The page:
Their lines originated from Tauste to settle in the city of Zaragoza, and the Knight of Santiago, Doctor Micer Jaime del Castillo, descended from there and joined the order in 1558. Another in Villarreal de Huerva (Zaragoza), which included the Oidor of the Audiencia of Zaragoza, Sebastián del Castillo y Jordán and his son Manuel Alejo del Castillo y Navarro, a native of Zaragoza, Caballero de Calatrava, who was admitted in 1758; another went to the city of Murillo de Gallego (Zaragoza), and another went to the city of Tudela, with a branch of the Merindad de Tudela (Navarra) in the city of Corella.

Another Aragonese house of Castillo settled in the city of Jaca (Huesca), and its lines extended to Catalonia.

In Catalonia, they had estates in the city of Lérida, owned by Mossén Pere Castillo and Miguell Castillo, and in Torres de Segre (Lérida), owned by Antoni Castillo, documented in the Catalan Fogueración of 1553, and in Castelló de Ampurias (Girona), documented in 1519.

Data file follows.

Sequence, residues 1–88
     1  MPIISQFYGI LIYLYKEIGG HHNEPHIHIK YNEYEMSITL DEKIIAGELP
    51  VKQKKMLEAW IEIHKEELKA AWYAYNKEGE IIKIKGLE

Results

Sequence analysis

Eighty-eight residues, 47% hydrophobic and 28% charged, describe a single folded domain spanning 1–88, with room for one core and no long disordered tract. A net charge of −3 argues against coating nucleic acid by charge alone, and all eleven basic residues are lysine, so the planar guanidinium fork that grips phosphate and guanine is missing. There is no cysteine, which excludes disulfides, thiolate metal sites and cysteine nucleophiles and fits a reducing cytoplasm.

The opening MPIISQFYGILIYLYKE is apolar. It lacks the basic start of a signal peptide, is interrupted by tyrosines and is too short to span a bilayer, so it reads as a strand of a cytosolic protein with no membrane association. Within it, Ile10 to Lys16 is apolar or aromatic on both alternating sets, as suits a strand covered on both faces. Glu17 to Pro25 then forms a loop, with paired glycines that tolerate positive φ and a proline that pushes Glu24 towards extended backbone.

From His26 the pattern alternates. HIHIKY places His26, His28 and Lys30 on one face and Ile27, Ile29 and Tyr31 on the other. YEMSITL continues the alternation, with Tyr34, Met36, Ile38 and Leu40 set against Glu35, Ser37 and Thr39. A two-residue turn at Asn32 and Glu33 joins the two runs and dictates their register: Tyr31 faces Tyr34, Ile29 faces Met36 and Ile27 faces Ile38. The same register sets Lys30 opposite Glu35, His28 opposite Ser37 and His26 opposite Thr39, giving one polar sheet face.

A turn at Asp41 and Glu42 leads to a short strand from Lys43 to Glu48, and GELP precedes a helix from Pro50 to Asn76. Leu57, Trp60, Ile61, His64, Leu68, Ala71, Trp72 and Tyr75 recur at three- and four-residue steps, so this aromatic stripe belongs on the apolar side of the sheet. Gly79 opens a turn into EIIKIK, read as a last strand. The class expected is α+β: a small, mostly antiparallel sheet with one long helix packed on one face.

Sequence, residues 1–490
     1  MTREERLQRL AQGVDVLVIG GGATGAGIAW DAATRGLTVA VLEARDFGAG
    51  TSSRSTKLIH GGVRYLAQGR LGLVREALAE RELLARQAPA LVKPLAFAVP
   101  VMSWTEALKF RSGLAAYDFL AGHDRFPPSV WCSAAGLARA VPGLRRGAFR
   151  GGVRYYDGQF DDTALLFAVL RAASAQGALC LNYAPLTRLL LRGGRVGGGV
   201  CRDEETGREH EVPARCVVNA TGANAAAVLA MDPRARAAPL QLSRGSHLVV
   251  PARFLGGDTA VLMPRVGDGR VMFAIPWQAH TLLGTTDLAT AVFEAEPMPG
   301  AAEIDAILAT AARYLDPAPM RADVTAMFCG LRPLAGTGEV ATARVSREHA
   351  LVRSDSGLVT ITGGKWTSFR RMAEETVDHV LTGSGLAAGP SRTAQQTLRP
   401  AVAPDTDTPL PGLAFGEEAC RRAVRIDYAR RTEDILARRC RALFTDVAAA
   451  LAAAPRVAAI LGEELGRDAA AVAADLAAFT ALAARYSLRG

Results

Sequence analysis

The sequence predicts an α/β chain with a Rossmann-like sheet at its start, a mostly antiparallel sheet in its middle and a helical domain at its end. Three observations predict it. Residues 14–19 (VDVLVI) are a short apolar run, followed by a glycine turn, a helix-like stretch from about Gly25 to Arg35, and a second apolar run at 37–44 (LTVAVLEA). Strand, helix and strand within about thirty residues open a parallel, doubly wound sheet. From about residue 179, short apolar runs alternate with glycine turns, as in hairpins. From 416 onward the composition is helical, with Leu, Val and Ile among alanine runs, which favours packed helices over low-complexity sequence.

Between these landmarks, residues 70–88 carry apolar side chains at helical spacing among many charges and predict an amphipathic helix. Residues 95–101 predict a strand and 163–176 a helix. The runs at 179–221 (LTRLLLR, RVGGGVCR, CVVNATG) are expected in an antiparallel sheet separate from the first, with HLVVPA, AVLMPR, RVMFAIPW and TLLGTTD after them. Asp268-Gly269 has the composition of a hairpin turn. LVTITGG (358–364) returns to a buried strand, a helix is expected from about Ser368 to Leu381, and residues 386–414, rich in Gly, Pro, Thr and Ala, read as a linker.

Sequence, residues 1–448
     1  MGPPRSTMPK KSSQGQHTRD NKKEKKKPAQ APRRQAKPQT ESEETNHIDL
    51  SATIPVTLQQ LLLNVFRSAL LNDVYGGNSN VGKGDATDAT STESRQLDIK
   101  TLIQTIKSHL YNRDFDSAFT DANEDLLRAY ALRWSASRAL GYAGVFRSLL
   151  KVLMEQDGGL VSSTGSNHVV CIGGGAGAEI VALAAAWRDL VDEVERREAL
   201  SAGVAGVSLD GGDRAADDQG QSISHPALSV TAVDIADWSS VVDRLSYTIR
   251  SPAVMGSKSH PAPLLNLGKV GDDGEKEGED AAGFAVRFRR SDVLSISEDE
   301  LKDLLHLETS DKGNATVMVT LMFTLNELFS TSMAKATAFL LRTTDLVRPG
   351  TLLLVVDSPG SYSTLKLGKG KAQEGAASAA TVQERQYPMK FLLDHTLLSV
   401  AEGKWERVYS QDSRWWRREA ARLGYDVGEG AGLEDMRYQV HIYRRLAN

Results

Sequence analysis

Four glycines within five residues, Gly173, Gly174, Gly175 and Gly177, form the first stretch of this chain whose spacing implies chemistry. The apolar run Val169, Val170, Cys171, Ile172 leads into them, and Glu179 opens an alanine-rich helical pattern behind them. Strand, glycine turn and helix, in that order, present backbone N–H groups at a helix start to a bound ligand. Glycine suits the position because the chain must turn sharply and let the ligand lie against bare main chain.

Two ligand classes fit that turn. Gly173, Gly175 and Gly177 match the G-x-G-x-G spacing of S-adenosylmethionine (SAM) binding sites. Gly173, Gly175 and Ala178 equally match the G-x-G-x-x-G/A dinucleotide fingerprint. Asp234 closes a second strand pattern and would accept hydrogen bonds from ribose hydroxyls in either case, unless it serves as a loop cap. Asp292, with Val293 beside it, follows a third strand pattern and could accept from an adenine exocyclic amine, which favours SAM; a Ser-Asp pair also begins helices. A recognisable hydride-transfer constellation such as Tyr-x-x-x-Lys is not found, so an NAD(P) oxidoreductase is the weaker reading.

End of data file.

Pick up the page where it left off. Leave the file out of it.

One of their lines was established in Zaragoza, and the Knight of Santiago, Doctor Micer Jaime del Castillo, who entered the order in 1558, descended from this. Another was in Villarreal de Huerva, in the district of Daroca, and included the Oidor of the Audiencia of Zaragoza, Sebastián del Castillo y Jordán and his son Manuel Alejo del Castillo y Navarro, Caballero de Calatrava, who were admitted in 1758; another was in the city of Murillo de Gállego in the aforementioned district of Egea de los Caballeros, and another went to the city of Tudela (Navarra).

The house in Soria, located in Lubia, also had a lineage in Navarra, in the city of Valtierra, in the district of Tudela.

In La Rioja, there was a house of this lineage, in the city of Viguera, of the Logroño party, with a line in Llerena (Badajoz), of which the Knight of Carlos III, Mateo del Castillo González Orduña, was admitted to said order in 1820, and their children. José María and Manuel del Castillo Spinosi, also Knights of Carlos III, were admitted in 1824 and 1836, respectively.